Columbia College’s acceptance of the Boone County Courthouse murals is shameful and indicates that they continue to remain tone deaf about diversity, equity and inclusion.

The institution claims to be “committed to ensuring that each and every student, faculty, and staff member feels safe and valued at Columbia College” and to “maintain a safe place for open discourse; support activities that promote diversity and inclusion; and overall, foster a sense of community that welcomes all,” according to its website. However, the acceptance of these murals and other absences speaks louder than their rhetoric.

For example, the college’s strategic plan contains goals of educational innovation and improving the student experience. However, absent from that strategic plan is any mention of diversity, equity and inclusion, which often foster innovation because various perspectives can introduce new ways of thinking.

I attended Columbia College and obtained my bachelor’s degree. During that time there was only one African American staff person that I felt comfortable talking to, and that was Mrs. Verna Harris-Laboy. Unfortunately, Mrs. Verna, as many of us affectionately called her, left Columbia College almost 20 years ago. Since then, I am not aware of anyone who has since been hired that is able to make the personal and communal connections that she did with Black, Latinx and other students.

Moreover, for an institution that boasts of 20,000 students, not to have a diversity, equity and inclusion office in 2022 is very telling. Yet, inevitably, they will rely on an ad hoc committee to plan some type of Dr. Martin Luther King Jr. and diversity events.

Conversely, Stephens College, which is much smaller and happens to be a short distance away on College Avenue, opened its Office of Diversity, Equity and Inclusion (DEI) in 2019. This unit was “charged with leading our collective efforts to support and sustain a community dedicated to social justice and welcoming to all.”

Stephens College hired alumna Shaashawn Dial as its inaugural DEI Director. Shaashawn’s position also includes being a member of the Senior Leadership team, which reports directly to the president. As a Black student at Columbia College, I used to wonder, where would I go if I needed to speak with someone who looked like me? Spoiler alert, Columbia College has no answer for that. By the way, at Stephens College, that person would be Dial and her office. Even Mizzou has an entire unit dedicated to diversity, equity and inclusion.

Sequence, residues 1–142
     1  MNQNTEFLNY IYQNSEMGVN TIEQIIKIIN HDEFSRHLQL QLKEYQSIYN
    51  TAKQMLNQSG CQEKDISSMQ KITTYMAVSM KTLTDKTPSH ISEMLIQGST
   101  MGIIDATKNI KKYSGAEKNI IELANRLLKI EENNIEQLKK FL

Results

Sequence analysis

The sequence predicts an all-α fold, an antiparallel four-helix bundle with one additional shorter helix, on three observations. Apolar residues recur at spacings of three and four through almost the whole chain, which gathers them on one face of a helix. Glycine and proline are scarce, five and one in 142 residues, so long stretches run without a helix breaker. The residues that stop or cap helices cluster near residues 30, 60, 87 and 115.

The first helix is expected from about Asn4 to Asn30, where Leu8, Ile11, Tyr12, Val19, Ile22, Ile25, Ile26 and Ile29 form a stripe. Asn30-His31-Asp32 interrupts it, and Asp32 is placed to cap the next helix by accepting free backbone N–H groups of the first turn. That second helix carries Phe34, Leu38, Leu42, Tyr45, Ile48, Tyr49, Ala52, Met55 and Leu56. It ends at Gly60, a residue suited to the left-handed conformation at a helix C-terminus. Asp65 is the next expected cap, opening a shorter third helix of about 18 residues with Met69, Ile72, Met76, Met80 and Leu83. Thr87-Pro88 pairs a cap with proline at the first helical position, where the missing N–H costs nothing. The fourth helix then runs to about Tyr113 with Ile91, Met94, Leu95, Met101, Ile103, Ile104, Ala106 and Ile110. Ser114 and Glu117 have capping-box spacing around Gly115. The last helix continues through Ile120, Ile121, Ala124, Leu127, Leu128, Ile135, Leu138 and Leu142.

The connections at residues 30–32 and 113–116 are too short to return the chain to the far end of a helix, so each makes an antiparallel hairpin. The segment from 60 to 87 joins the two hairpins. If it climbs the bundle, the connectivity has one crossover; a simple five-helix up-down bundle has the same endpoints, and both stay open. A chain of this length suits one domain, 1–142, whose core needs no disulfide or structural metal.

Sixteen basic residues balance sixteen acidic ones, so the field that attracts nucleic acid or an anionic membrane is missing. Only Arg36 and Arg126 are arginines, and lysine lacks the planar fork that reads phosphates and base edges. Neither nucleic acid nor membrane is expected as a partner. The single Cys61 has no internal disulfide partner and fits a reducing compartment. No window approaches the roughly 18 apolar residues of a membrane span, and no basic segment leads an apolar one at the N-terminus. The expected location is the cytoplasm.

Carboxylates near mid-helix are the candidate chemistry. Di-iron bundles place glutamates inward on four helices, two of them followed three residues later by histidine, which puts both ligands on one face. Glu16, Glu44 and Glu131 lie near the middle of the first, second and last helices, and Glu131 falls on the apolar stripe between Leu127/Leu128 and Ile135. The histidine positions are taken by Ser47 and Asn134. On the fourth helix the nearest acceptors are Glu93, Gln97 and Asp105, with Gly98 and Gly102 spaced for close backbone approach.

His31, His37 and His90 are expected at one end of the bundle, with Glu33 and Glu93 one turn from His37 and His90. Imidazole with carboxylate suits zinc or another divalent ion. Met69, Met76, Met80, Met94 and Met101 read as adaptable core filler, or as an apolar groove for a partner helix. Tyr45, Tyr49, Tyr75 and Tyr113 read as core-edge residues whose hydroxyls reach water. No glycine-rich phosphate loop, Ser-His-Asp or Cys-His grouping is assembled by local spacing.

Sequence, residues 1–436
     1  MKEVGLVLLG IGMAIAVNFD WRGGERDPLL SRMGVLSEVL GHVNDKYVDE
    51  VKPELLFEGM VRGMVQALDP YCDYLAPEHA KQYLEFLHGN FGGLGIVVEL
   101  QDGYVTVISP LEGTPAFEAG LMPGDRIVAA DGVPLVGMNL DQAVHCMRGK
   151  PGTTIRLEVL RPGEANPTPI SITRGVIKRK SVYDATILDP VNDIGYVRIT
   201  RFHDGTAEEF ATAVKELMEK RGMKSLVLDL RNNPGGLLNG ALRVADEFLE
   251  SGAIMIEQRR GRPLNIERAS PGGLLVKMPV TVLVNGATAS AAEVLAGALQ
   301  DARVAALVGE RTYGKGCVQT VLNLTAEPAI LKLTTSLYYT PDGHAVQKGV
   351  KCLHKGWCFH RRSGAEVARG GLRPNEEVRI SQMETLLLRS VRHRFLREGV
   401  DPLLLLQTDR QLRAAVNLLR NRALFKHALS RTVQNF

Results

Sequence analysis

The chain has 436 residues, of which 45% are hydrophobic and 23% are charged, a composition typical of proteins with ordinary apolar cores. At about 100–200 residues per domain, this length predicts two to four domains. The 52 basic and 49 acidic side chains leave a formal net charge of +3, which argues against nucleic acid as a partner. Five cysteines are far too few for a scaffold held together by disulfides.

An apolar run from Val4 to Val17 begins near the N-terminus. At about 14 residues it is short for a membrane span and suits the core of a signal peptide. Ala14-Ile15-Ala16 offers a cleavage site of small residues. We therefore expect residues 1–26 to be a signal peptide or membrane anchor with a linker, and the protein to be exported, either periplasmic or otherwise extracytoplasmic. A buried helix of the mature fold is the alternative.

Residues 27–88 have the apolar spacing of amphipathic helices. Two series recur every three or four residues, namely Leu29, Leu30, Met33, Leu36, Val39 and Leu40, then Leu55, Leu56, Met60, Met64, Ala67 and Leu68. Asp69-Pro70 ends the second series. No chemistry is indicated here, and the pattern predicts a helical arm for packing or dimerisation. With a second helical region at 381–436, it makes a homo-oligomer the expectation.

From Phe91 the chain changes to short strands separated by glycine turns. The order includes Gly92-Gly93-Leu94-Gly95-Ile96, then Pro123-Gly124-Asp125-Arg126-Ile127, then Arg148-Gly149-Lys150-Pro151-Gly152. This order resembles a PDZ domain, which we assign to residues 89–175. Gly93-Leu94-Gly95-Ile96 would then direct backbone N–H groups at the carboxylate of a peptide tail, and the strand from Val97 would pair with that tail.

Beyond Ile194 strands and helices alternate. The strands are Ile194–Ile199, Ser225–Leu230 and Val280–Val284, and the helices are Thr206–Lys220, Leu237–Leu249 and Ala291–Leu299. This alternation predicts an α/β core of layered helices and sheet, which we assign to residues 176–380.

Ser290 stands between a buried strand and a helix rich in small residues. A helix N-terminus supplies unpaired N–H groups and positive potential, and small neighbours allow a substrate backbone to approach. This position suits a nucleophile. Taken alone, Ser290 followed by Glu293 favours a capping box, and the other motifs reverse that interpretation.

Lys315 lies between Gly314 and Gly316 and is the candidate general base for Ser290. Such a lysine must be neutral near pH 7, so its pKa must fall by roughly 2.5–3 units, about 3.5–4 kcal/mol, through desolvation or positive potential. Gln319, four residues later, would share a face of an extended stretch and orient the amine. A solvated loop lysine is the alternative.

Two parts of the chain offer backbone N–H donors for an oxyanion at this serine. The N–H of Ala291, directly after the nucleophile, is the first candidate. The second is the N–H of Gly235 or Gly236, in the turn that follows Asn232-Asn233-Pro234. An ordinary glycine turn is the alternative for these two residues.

During class breaks at Columbia College, I recall wandering halls that were filled with photos of old, white men. These photos, combined with the absence of a diversity office, caused me to feel out of place or as if I didn’t belong there. Despite many years of having high proximity to Columbia College, like attending Jefferson Jr. High (now Jefferson Middle School) and being raised in the public housing not far from Columbia College, I felt as if I crossed an invisible boundary. And yet in 2022, Columbia College has an international office but nothing for the BIPOC students who are U.S. citizens.

Meanwhile, very soon, the photos of old, white men will be joined by images of white men shooting Native Americans. The murals also have images of nooses hanging from trees to remind Black students of the sordid history of Boone County and to “appreciate being allowed to cross invisible boundaries” to attend Columbia College. And maybe, just maybe there is a desire that the history is reinforced and why Mrs. Verna was not replaced. Maybe that is why there is no Dial or a diversity, equity and inclusion office.

So, Black students at Columbia College look forward to the upcoming “piece-work” diversity programming. But if you need someone to talk to, maybe Dials at Stephens College or the staff at Mizzou can slip you into their schedules. That’s the best I can come up with since things have not changed at Columbia College since I graduated in 2003.

Dr. Nathan A. Stephens is a Columbia native and two-time Mizzou alum, who now lives in Champaign, Illinois.


About opinions in the Missourian: The Missourian’s Opinion section is a public forum for the discussion of ideas. The views presented in this piece are those of the author and do not necessarily reflect the views of the Missourian or the University of Missouri. If you would like to contribute to the Opinion page with a response or an original topic of your own, visit our submission form.

Recommended for you